“If you write properly, you shouldn’t have to punctuate.” — Cormac McCarthy.
By PJ Parrish
I guess when you win the Pulitzer Prize for literature, you can do whatever you want. I read McCarthy’s The Road years ago. There are no quote marks to set off the dialogue. There are no commas or question marks. There are periods, but even they are sparse. McCarthy’s pages look as bleak and barren as the story’s apocalyptic landscape.
When I first started the book, the lack of punctuation annoyed me. It wasn’t that the narrative was unclear or that I was confused. It just felt pretentious, as if the author were saying he was above all things mundane. And if you believe his quote at the beginning of this post, you’d say he was just being a….well, you fill in the blank.
McCarthy calls quotes “Weird little marks” and once said: “I believe in periods, in capitals, in the occasional comma, and that’s it.” After a while, I didn’t care about the punctuation. The story sped along, the characters captured me by the throat and by the heart.
Then there’s the other side of the coin — guys like William Faulkner, who could have used some judicious punctuating. Check out this passage from The Sound and the Fury:
My God the cigar what would your mother say if she found a blister on her mantel just in time too look here Quentin we’re about to do something we’ll both regret I like you liked you as soon as I saw you I says he must be …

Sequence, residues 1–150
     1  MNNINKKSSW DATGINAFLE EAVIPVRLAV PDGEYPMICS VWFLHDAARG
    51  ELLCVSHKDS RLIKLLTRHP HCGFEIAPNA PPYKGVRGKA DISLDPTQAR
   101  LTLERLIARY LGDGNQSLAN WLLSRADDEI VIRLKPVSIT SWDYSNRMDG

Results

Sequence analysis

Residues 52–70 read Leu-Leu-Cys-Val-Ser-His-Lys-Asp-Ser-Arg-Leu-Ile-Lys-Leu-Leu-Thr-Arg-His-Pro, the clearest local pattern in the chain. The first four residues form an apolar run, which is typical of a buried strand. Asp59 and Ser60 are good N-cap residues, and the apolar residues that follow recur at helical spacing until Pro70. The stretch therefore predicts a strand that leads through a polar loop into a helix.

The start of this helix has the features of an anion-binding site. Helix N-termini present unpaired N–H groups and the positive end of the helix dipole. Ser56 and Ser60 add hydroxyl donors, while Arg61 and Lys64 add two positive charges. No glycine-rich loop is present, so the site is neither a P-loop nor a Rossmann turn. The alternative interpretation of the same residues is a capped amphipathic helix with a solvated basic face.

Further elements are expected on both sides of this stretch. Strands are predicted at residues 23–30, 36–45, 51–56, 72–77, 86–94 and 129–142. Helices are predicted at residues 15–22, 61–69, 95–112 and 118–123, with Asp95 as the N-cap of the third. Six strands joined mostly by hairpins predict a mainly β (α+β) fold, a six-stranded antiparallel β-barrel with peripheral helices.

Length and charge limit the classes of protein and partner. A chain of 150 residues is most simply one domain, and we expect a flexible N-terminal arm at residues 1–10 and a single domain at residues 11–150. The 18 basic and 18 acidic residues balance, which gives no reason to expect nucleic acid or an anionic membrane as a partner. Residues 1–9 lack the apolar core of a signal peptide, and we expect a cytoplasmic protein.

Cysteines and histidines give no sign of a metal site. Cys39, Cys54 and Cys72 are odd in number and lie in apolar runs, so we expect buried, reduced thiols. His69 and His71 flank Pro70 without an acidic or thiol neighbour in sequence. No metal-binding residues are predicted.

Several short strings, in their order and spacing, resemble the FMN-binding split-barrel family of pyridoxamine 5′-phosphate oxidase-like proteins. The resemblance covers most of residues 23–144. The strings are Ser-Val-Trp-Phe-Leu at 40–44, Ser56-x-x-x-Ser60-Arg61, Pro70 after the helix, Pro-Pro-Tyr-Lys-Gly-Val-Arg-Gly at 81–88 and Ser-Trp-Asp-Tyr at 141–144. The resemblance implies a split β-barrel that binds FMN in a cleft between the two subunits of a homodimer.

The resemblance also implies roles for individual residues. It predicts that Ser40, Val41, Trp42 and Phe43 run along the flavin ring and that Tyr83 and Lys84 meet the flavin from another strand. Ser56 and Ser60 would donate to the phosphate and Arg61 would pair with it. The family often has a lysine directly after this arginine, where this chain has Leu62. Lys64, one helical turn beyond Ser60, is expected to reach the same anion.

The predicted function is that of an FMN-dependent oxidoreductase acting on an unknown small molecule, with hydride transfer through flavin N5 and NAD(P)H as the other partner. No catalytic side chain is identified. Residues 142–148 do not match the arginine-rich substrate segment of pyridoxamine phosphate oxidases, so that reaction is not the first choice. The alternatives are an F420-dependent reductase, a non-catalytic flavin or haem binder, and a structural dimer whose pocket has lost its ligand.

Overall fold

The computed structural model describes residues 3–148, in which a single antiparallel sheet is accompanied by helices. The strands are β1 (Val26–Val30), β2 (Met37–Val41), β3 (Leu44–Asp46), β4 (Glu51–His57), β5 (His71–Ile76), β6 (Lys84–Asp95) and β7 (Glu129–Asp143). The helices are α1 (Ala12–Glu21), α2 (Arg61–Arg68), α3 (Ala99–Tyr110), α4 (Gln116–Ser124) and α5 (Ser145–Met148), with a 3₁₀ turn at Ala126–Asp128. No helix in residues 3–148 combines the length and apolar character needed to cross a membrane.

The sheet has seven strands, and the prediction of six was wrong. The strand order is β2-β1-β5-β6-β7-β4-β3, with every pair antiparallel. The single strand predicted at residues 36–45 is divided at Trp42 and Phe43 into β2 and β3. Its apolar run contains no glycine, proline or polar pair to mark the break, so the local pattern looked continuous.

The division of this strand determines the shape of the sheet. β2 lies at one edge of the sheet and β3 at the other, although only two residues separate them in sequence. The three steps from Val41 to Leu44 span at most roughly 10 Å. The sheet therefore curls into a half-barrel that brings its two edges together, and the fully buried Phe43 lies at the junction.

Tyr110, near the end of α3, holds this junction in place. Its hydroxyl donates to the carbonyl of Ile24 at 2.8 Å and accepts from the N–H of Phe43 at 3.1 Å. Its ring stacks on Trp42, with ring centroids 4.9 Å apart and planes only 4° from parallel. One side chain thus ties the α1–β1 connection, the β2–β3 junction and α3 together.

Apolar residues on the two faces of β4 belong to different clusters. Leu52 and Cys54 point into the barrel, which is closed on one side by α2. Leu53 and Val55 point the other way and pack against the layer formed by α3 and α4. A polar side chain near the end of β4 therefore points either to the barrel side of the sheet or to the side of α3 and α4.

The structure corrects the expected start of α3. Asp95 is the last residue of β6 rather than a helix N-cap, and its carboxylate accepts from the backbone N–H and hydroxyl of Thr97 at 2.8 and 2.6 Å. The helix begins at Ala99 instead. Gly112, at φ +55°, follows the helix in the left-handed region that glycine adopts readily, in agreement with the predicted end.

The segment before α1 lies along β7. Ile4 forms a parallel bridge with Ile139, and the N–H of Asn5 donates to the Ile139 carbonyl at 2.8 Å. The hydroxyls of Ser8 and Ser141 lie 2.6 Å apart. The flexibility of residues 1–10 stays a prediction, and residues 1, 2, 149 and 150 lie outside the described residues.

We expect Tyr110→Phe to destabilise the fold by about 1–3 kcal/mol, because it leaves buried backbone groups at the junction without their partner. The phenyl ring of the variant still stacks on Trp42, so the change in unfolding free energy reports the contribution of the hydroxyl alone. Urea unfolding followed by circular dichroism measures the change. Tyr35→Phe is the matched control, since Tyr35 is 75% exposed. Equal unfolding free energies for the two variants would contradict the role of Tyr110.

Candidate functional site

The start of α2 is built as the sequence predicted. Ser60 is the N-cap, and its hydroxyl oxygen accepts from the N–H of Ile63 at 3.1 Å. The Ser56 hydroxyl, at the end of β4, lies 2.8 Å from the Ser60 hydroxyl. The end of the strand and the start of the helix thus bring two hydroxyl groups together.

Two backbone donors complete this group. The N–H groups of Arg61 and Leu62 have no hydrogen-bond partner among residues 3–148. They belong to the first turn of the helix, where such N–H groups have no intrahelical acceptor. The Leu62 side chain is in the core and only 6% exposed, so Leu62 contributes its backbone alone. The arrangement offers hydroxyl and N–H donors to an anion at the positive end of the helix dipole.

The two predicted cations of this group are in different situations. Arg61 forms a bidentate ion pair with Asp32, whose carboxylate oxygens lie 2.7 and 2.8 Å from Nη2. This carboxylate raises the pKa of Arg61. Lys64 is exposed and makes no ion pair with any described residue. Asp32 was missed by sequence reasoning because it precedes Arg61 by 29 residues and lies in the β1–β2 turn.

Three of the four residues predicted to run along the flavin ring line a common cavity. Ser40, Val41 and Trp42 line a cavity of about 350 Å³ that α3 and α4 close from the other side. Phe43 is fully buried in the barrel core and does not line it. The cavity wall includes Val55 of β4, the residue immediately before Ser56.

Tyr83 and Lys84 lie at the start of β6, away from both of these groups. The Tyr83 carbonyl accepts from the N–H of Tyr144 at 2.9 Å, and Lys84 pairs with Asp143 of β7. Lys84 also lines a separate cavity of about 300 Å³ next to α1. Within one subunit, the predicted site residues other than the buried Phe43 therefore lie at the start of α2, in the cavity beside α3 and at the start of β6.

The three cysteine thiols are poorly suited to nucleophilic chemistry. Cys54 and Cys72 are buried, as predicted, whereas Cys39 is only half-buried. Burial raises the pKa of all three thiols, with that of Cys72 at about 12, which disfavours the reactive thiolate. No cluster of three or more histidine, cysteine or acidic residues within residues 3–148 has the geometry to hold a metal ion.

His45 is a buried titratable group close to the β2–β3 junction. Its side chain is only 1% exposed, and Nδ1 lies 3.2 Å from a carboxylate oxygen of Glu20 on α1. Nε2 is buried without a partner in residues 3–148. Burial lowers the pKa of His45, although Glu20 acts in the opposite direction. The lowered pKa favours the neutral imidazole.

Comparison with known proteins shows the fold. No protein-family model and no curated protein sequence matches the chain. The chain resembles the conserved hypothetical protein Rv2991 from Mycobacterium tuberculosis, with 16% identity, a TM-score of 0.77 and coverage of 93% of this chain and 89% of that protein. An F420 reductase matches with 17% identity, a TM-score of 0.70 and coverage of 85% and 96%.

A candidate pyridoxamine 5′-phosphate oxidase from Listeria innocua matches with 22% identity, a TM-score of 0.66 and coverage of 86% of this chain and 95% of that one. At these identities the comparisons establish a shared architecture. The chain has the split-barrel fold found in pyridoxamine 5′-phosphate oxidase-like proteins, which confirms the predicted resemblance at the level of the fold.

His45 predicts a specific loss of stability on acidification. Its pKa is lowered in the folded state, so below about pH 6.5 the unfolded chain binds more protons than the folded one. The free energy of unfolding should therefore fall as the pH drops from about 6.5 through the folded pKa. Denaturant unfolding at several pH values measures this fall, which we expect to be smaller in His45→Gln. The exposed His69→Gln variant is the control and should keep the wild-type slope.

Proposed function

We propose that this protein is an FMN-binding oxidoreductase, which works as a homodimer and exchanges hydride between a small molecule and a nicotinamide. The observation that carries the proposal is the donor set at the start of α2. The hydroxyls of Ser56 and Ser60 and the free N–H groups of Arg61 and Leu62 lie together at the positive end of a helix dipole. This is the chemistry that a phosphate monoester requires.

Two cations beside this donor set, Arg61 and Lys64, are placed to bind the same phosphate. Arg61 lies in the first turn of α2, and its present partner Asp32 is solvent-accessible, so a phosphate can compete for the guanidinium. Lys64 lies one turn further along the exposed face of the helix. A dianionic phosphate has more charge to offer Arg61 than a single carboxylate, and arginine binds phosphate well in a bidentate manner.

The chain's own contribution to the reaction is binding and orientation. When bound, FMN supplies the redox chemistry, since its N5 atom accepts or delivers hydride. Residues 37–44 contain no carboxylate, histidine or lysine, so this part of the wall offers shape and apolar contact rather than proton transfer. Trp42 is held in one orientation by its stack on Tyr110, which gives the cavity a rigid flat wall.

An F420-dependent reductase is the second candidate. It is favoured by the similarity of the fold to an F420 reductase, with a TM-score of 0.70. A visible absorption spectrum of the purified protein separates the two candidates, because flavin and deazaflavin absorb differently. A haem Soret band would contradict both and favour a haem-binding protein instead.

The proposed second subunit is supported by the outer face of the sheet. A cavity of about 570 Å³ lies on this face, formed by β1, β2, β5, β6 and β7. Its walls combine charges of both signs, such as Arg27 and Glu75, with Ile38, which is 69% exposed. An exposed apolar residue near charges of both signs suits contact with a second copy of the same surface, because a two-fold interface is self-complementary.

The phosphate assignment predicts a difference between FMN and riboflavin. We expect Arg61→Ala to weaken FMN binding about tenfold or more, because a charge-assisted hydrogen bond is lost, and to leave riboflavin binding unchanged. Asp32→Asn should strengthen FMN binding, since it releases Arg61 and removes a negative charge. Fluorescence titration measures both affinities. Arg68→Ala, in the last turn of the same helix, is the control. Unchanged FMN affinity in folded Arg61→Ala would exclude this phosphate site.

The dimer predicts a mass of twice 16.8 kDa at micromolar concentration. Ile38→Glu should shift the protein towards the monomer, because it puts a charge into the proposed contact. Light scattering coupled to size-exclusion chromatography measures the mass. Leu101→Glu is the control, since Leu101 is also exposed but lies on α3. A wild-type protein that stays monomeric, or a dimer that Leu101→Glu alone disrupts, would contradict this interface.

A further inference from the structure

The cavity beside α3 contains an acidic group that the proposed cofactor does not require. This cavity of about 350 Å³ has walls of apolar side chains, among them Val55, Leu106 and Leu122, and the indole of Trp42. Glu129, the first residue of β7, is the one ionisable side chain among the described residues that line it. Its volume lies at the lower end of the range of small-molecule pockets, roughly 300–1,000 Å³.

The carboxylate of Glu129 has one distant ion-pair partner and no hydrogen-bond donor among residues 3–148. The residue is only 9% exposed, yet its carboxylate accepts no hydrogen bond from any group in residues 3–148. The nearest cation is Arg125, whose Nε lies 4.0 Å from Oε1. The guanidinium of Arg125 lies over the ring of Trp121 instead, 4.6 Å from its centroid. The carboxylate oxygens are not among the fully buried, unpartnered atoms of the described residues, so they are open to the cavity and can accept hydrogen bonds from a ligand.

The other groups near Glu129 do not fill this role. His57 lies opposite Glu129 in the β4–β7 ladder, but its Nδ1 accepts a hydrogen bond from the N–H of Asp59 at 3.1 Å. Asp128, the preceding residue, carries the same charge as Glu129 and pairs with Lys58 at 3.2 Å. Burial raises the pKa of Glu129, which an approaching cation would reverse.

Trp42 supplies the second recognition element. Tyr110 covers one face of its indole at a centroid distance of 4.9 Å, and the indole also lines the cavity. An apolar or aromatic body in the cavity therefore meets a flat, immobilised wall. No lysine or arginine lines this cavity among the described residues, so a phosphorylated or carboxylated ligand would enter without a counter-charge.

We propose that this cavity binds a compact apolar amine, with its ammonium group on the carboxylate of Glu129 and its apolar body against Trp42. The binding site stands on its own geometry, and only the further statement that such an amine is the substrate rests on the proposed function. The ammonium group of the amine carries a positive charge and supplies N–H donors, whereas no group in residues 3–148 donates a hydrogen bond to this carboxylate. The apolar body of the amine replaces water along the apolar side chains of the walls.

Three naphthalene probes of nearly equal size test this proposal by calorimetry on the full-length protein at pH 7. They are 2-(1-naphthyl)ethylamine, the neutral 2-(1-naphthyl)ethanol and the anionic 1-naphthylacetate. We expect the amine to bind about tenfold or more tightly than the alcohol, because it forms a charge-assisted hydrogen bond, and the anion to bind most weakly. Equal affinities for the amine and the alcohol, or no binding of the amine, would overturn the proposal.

Faulkner’s advice to tackling it? “Read it four times.” Gee, thanks, Bill.
I read an interesting post about this subject recently. The author Adam J. Calhoun suggests that simple punctuation goes a long ways toward sign-posting a novelist’s style. He compared passages from two of his favorite novels — McCarthy’s Blood Meridian and Faulkner’s Absalom, Absalom! taking out all punctuation marks. Guess which book is which?
Says Calhoun: “Yes, the contrast is stark. But the wild mix of symbols can be beautiful, too. Look at the array of dots and dashes above! This Morse code is both meaningless and yet so meaningful. We can look and say: brief sentence; description; shorter description; action; action; action.”
And we can easily tell, just by the choice of punctuation, who wrote what.
So what does this mean for us mere mortals? I think most of us, myself included, don’t think too much about the punctuation we use. We know the basics of periods, question marks and quotation marks. We get a little confused about commas, and when to use dashes or ellipses. And we have banished the poor semi-colon to the grammar dungeon. We put in the symbols quickly and race on, saving our tsuris for the big issues of plot, characterization and theme. But I’d like to suggest today that we give more thought to these fellows: